In a recent coaching call with a service member getting ready to leave the Navy, I asked her if she'd received any feedback on her skills, expertise or attitude. Her response surprised me.
"I recently solicited feedback on who I am and how people perceive me," she said. "And, I'm going through all the negative comments and making all the changes. I'm making myself into someone everyone will want to work with!"
She shared this with such confidence and glee that I believe she meant it: She's received negative input and was changing her personality, her attitude and her workstyle to "fix" all the things people said were broken.
But what if she also changed good stuff? What if she'd asked the wrong people and received the wrong feedback? Why was she trying to be everything to everyone?
When Feedback Is Helpful
When growing your career -- particularly as you exit the military and enter the civilian sector -- feedback is helpful to assess where you are (currently) in order to develop a plan for where you want to be (eventually).
In this way, asking for input on how people perceive you is critical. Since perception drives belief, if the people you seek to influence perceive you incorrectly, your opportunities could be limited. For instance, if your peers and supervisors see you as non-collaborative, pushy or opinionated, this could be a challenge if you are moving to a career where those traits are important.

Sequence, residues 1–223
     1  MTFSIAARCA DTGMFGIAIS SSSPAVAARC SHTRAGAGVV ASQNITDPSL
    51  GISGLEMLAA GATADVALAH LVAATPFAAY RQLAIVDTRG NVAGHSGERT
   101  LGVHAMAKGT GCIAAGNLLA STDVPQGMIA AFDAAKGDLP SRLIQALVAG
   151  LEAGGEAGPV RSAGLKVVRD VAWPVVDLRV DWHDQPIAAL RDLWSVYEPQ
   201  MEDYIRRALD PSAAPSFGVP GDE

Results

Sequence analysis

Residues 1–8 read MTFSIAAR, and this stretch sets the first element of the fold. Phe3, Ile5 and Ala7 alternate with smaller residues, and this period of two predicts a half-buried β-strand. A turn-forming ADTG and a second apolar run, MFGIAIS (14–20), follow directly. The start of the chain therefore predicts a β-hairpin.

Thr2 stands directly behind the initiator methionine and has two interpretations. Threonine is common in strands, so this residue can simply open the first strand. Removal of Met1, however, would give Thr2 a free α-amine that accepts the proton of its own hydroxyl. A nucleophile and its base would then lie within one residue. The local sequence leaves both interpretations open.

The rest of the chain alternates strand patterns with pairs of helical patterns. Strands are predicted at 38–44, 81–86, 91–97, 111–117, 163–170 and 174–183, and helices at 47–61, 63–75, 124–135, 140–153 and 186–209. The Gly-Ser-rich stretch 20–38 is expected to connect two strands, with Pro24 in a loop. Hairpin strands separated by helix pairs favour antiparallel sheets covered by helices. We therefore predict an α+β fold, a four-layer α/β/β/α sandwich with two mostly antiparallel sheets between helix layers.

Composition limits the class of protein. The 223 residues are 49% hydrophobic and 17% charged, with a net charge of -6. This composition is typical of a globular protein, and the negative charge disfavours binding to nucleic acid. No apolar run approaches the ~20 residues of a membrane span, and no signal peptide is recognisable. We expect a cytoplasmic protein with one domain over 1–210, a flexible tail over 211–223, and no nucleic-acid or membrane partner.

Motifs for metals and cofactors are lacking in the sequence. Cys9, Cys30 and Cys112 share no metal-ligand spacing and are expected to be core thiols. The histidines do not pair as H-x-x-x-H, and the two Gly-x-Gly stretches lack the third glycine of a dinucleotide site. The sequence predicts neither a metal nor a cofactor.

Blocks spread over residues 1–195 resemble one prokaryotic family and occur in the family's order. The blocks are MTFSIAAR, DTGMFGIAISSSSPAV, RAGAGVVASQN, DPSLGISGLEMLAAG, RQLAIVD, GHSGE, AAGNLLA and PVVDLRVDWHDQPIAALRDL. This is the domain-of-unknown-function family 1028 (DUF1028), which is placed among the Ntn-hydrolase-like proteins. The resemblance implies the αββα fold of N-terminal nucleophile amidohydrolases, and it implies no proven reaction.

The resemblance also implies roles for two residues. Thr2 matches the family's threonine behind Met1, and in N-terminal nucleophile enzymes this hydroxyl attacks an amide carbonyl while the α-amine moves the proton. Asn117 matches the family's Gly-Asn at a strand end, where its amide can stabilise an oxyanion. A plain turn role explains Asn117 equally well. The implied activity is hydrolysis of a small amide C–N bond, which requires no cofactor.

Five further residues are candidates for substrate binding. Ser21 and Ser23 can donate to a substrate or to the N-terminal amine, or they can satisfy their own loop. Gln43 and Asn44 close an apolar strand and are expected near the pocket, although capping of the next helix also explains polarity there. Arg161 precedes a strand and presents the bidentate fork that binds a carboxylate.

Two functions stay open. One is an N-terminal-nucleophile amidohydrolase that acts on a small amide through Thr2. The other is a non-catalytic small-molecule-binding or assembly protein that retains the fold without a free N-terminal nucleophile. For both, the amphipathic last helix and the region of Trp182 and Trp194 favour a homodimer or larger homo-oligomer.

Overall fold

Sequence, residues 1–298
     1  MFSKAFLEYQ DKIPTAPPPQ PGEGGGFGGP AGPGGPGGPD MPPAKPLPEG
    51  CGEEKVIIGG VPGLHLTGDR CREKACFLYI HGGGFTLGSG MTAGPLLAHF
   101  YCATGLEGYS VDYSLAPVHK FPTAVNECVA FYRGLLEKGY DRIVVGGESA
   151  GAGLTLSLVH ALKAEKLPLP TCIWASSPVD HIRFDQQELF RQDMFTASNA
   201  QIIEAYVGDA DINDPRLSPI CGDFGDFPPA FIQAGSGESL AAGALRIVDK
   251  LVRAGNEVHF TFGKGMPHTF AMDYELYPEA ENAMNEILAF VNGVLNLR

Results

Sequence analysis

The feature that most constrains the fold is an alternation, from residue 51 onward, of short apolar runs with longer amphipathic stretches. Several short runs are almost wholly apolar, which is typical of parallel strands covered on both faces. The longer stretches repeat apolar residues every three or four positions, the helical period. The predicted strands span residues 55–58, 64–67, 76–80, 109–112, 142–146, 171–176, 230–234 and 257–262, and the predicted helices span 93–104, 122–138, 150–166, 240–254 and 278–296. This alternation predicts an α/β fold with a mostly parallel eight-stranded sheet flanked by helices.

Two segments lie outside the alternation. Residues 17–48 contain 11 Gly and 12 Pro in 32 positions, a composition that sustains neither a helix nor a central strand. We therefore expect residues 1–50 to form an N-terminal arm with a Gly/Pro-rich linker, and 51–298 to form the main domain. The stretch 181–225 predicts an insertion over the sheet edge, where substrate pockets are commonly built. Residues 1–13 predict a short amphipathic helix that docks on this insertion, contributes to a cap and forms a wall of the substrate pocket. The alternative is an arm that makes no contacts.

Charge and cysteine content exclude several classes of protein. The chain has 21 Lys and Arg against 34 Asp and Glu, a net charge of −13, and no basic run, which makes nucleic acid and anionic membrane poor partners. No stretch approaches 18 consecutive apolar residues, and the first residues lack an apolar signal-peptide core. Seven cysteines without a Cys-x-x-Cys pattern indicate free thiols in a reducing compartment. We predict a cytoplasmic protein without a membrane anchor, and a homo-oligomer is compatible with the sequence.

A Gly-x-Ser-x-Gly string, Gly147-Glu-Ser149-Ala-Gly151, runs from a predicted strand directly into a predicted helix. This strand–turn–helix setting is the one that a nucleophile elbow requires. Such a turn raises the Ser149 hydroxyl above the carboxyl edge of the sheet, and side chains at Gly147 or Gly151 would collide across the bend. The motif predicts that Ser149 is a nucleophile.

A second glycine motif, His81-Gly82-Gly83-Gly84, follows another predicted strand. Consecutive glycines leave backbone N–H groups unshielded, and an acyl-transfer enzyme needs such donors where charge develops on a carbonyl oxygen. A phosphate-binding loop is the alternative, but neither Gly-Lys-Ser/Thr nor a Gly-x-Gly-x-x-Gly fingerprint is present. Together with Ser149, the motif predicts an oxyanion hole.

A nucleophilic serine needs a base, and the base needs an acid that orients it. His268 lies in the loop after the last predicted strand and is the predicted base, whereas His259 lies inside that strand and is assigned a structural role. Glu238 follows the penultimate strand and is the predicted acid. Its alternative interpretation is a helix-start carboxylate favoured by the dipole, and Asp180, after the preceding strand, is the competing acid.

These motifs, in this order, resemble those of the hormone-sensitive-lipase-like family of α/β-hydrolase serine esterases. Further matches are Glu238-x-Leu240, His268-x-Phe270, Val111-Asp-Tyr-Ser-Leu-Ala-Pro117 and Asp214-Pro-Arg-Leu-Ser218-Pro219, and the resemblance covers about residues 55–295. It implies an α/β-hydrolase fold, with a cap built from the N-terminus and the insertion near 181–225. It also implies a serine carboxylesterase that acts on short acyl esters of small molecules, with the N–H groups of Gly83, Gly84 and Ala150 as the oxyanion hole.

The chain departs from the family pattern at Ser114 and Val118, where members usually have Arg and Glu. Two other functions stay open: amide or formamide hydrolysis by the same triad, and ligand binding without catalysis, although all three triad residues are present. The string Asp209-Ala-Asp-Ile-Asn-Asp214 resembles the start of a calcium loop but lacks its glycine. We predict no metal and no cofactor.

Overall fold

If you were moving into a people-centric profession like sales or human resources, being collaborative and open minded are important. On the other hand, if you are moving towards a career as a political pundit, being opinionated and pushy are valuable traits.
Feedback that points out a weakness, blind spot or opportunity to move your career and reputation in a positive direction is helpful and valuable. If your boss told you that you should speak up more in meetings, your colleague tells you that the new team doesn't like your tasteless jokes or your business partner tells you your accounting skills are lacking then your workstyle, approach and career skills warrant fixing.
Feedback That Isn't Helpful
Just because you receive feedback doesn't mean you should always modify your behavior or change your approach. Someone who doesn't have all the information to make a judgement can offer feedback based on misinformation. Someone who has a bias towards you could describe you as "cutthroat". A jealous colleague who calls you flashy, superficial or competitive may be sharing their own insecurities instead of providing insight about you.
Similar to getting feedback from the unqualified you may receive feedback that reflects something as a negative, but in fact is a positive. For example, early in my career, I was often told I was too energetic, too outgoing and talked too much. Had I changed my behavior based on that feedback, I may never have become the speaker, presenter and trainer I am today.
Don't change the parts of you that make you special, memorable and valuable. You may be in the wrong job or group to fully exploit your best assets. In that case, changing your environment can unleash your best talents and display the value you bring. When I left corporate America and started my own business, my skills, assets and personality flourished.
It wasn't that my personality was wrong -- I was just expressing it in the wrong job.
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